Virtual Reality and Its Privacy Concerns

Virtual Reality is here. Even since the beginning, we have been so excited about it. And now, that whole thing just came true. The gear is here and now.

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If you’re a VR lover, this will be your best year. You’ll just gonna love it. We’re not talking about concepts anymore. We are talking about Virtual Reality gears you can purchase. Yep, that’s it. And, there won’t be just one of them. We are talking many of them. The market will be full of them. To begin, we have HTC Vive, Google Cardboard, and Sony. Others will soon join later this year. It won’t be too much to say this. This year will shape the future of device and console.

Will it be the only thing? I guess not. See, these Virtual Reality gears are the future. And what can you expect from the future? It is supposed to change how we live today. When it comes to VR, it changes how we use our devices. Smartphones, gaming consoles, even PC. No more sitting in front of your monitor. No more resting your arms for hours. That’s now how VR works. These gears combine all your senses to let you enjoy everything. No more monitor. No more stiffed arm. Why should you watch if you can be inside the game/movie? Why should you feel the pain in your eyes or arms while you can move so active? Why should you just sit if you can do anything your game character can do? You can sit, walk, run, jog, aim, shoot, duck. Anything.

Sounds good, right? Well, perhaps because it does. But, there’s something wrong. To use VR gears, you need all your senses. You need them together to get the whole VR experience. Why doesn’t it sound bad? Because you just the tiny detail of it.

That means it pulls data from it, access it, and use it before it can finally bring the Virtual Reality experience. It may not work like so, but it seems that these gears use the very personal data of a person and no one speaks about it. And why we care? Because if this went as bad as we expected, we may soon deal with a serious privacy issue.

Virtual Reality and Identity Theft

Internet is a huge digital library. Most likely, you can find everything there. Unfortunately, that includes your personal information. How can such that thing happened? Simple. Because we deliberately hand this information over to providers. Your social media, mobile apps, blogs, email. Everything. Every time you joined a service/app, you give pieces of your information to create an account. You won’t consider that harmful to your privacy because you’re so used to them. But, what if I tell you, this way can be used to collect your personal data. Of course, it won’t be much help if the company only knows your name, email address, and some other basic stuffs. Anyone can find those on the internet now. That’s when businesses move forward. They need to learn more about you so they can produce more. But, no one won’t be easy to hand over that information. So, in order to get that information, they need you to ‘unconsciously’ give the information over. How? Through different apps (and devices).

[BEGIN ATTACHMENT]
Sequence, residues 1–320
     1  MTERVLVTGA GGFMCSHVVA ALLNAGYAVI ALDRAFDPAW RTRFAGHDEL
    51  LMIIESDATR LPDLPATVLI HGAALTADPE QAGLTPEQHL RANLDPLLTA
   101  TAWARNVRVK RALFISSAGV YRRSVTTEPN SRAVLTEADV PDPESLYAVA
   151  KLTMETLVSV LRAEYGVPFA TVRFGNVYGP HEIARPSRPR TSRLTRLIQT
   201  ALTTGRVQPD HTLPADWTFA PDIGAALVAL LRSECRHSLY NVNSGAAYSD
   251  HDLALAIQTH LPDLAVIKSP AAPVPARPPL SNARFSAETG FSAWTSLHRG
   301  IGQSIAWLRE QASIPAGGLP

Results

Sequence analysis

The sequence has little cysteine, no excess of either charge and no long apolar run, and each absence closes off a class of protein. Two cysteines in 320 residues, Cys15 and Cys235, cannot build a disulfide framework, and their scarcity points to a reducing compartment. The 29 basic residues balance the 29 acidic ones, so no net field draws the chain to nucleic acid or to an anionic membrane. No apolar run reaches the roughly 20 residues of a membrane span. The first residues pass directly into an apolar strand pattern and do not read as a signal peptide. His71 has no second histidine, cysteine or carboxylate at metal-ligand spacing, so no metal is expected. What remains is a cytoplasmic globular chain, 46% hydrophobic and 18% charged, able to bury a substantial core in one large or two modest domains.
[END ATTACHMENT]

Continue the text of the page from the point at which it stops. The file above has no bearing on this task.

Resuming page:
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Let me show you an example. Do you know that both Facebook and WhatsApp? What if I tell you that both of them are belong to the same company? That’s right. Facebook. Without WhatsApp, Facebook itself has more than 1.5 billions of active users per October 2015. If we add WhatsApp, the company gets another 1 billion users (per February 2016). And this number doesn’t include Oculus Rift users. Yup, Facebook also owns this Virtual Reality brand. Once released, Facebook will get another fresh supply of user’s data. But, don’t mind about the numbers. Mind about how much potential information the company gets. Billions of it. Your address, email address, phone number, country, office address, your child’s name, your hobby, online transactions, app usage patterns, web usage patterns, your favorite books, and many more.

I won’t hesitate to tell this. Once your data is online, you can’t get them back. Once it’s online, it will be available to anyone, including cyber criminals. Don’t get surprised if somehow those criminals get your data even if you never handed it over to them.

See? That’s why we’re so worried. You should, too.

A State Surveillance?

No smartphone can’t be used as surveillance today. Get the right key and you get the access to anyone’s life. This is how things work today. Now, if you want to blame something, blame location-based services. Why? Because it makes you traceable. Despite the benefits of using them, location-based services expose us to cyber threats.